occupation by operation of international law based on the events of
the early post-World War II days.
The Chinese Nationalist government sent troops to occupy the
Spratlys and also the Paracels Islands, some fifteen months after the
surrender of Japan.
Itu Aba Island

VIETNAM
INCREASES ITS STAKES
Vietnam's claim to the Spratlys Islands dates from the late
eighteenth century.
The Vietnamese refer to the islands as the RTruong Saw Archipelago.
The Vietnamese government claims that both the Spratlys and the
Paracels belong to them after it was ceded by the French Government,
right after she gained independence from France.
On the contrary, France refuted the claim of Vietnam over the
Spratlys but acknowledges the transfer of the Paracels to Vietnam.
twenty four (24) islands, islets, reefs, caysand some unnamed
shoals.

MALAYSIA
UNILATERAL ACTION
In 1979 Malaysia unilaterally extended its boundary line from the
point at 109 degrees 38 minutes east and 6 degrees 18 minutes
north, in a line that traverses in an east-northeast direction.
The motivation of the Malaysian government for this action was
undoubtedly the growing scramble for offshore oil in the South China
Sea and the new 200-mile Exclusive Economic Zone (EEZ) concept.
four(4) islets and reefs

BRUNEI
MOTIVATED BY INTERNATIONAL LAW
The latest claimant to join the disputed territory of the Spratly
Island Group is Brunei.
Although nothing was mentioned yet about whether Brunei has
occupied any islands
her entry into the dispute was purely motivated by adopting the
new international Law of the Sea concept just like the rest of the other
claimants.
Invoking this new concept, Brunei unilaterally declared a 200-mile
EEZ that obviously overlapped the EEZ of Malaysia and the
Philippines.

PHILIPPINES
LAYS CLAIMS ON KALAYAAN
Philippines Lays Claims On Kalayaan The Philippines' claim to eight
islands in the Spratlys is anchored on legal grounds that were invoked
as soon as the Japanese and the Taiwanese started abandoning the
islands in 1950.
Believing that the Islands have reverted to open occupancy, or res
nullius a jroup of intrepid Filipinos headed by Tomas Cloma sailed to
what is now called Freedom Land.
Thereafter Cloma lodge formal claims to justify ownership to these
islands by several proclamations which includes a Notice to the Whole
World in May 15, 1956; an Instrument of Notification, a Charter of the
Free Territory of Freedomland and Proclamation, all signed in July 6,
1956.
However in December 4, 1974, Cloma executed a Deed of
Assignment and Waiver of Rights transferring his claims of Kalayaan in
favor of the Philippines government.

INCENTIVES FOR CLAIM


At the core of these claims are the incentives for
more territorial space.

The initial ratification of the new International Law


of the Sea concept in 1982 has further complicated
the contention of claimant countries.
This new international law concept encouraged
developing countries to chart their new 200 nautical
miles that sometimes overlapped the boundaries of
other countries.

INCENTIVES FOR CLAIM


Another important incentive is the prospects for oil
and natural gas that lay underneath this ocean floor.
To the contesting countries, the expanded
jurisdiction offers them the promise of a greatly
expanded resource base with regards to minerals,
hydrocarbons, and living resources.
The immense resource potential, both living and
nonliving, if properly explored, exploited, conserved,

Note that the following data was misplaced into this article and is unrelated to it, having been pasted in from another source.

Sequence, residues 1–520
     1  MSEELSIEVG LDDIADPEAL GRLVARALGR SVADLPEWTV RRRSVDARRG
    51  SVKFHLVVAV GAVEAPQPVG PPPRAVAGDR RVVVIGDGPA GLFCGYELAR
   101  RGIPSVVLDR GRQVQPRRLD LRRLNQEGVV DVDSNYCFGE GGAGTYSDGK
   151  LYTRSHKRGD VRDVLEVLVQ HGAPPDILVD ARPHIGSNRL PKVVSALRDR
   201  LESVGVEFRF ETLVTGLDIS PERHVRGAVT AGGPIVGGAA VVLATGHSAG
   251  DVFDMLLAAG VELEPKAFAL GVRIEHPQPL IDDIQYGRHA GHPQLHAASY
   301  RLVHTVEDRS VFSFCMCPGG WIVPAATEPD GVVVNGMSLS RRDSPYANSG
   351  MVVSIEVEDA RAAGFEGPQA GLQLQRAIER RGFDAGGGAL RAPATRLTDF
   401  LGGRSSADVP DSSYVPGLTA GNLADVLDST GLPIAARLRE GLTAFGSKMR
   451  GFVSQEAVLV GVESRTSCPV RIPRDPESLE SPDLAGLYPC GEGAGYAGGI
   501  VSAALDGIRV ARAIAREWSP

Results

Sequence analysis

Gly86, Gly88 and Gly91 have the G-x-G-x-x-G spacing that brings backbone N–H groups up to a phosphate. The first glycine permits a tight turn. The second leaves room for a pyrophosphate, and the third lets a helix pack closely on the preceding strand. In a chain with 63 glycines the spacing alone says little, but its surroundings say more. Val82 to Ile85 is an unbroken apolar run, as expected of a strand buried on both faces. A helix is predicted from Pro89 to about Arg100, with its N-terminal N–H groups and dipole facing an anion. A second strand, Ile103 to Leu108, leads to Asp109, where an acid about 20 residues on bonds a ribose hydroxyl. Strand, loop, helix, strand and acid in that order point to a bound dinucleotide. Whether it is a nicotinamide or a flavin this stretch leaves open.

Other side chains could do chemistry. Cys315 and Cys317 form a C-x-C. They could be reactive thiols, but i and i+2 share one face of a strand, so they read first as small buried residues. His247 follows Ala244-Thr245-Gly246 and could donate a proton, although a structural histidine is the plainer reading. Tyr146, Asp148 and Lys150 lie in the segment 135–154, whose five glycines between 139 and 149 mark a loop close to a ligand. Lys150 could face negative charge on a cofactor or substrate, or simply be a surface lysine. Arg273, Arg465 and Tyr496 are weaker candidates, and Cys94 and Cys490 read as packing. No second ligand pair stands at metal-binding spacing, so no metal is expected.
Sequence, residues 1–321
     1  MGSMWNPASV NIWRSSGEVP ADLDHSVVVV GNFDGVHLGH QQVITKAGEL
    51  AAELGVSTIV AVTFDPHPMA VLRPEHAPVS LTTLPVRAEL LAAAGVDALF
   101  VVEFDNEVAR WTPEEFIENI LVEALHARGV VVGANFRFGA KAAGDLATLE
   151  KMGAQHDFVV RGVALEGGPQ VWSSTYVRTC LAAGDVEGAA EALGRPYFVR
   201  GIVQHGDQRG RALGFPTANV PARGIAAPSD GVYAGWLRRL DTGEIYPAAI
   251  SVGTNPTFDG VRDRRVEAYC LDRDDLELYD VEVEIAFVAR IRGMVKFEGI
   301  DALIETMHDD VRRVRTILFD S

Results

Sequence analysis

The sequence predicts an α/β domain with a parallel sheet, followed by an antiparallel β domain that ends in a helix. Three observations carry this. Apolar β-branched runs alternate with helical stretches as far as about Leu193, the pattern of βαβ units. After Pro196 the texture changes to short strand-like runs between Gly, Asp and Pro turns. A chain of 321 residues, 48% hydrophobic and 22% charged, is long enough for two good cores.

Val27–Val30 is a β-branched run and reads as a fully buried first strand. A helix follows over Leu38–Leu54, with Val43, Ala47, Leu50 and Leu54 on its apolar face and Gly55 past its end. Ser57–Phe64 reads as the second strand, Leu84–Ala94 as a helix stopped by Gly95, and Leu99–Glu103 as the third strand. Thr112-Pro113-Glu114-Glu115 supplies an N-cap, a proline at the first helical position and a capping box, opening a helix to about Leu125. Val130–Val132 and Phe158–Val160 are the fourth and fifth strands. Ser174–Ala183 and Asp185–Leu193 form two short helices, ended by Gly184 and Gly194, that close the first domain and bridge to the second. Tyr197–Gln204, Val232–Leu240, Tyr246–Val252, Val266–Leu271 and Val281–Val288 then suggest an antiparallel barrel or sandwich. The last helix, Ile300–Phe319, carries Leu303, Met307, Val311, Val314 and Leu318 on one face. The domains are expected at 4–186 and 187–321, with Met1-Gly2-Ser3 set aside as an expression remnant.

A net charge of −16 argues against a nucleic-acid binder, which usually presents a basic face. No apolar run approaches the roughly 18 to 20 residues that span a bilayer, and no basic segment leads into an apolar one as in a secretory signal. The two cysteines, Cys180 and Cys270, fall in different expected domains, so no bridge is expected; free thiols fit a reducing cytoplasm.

and developed, could certainly alleviate some of the
economic problems as well as the growing energy
needs affecting some of the contending countries
and perhaps raise the living standards of their

INCENTIVES FOR CLAIM


In large measure, the principal interest of the
contending parties in the Spratlys has been in
security and strategic matters.
Recent developments indicate that most claimant
countries are gearing up to enhance their defenses
for their respective claims.

THE 1982 LAW OF THE SEA CONVENTION


STIPULATES
Every state has the right to establish the breadth of its
territorial sea up to a limit not exceeding 12 nautical miles
In localities where the coastline is deeply intended and
cut into, the method of straight baseline joining appropriate
points may be employed in drawing the baseline from
which the breadth of the territorial sea is measured
The coastal. state shall not hamper the innocent passage
of foreign ships through the territorial sea
The coastal state may set up a contiguous zone not
extending beyond 24 nautical miles from the baselines, and
exercise in the zone the control necessary to prevent
infringement of its customs, fiscal, immigration or sanitary
regulations

THE 1982 LAW OF THE SEA CONVENTION


STIPULATES
An archipelagic state may draw straight
baseline to define the breadth of its territorial
sea, the contiguous zone, the exclusive economic
zone (EEZ) and the continental shelf
The sovereignty of an archipelagic state
extends to the waters enclosed by the baseline,
described as archipelagic waters, regardless of
their depth or distance from the coast, and
The coastal state is entitled to have an
exclusive economic zone not extending beyond
200 nm from the baseline.

CONCLUSION
There has been a gradual increase of the military buildup in
the Spratly Islands since the m by claimant countries,
composed of China, Vietnam, Taiwan, Malaysia, Brunei and the
Philippines.
Apparently,
each
contesting
country
is
continuously solidifying its respective claims in view of its
interests ranging from the prospect of oil discoveries and the
emerging trend toward more maritime space by virtue of the
200 miles exclusive economic zone concept.
There have been sporadic military confrontations among
claimant countries over the Spratlys but the most serious
military battle was the one fought between China and Vietnam
in March 1988.
Except for Brunei, the other claimant countries have
continued to beef up their garrisons in their respective islands
in the Spratlys. Similarly, concerned non-claimant countries
support a peaceful resolution of the disputes and want to
preserve freedom of navigation in these vital sea line of
communications in the South China Sea.

THANK YOU AND GOOD


EVENING

PHILIPPINE
Republic Act 9522
Republic Act 9522, was passed by the Congress which defined the
archipelagic baselines of the Philippines, claimed sovereignty over the
Kalayaan Island Group and the Scarborough Shoal under Section 2,
sub-paragraph A which described the territory as a "Regime of
Islands"a concept defined in the United Nation Convention on Law of
the Sea for similar bodies of land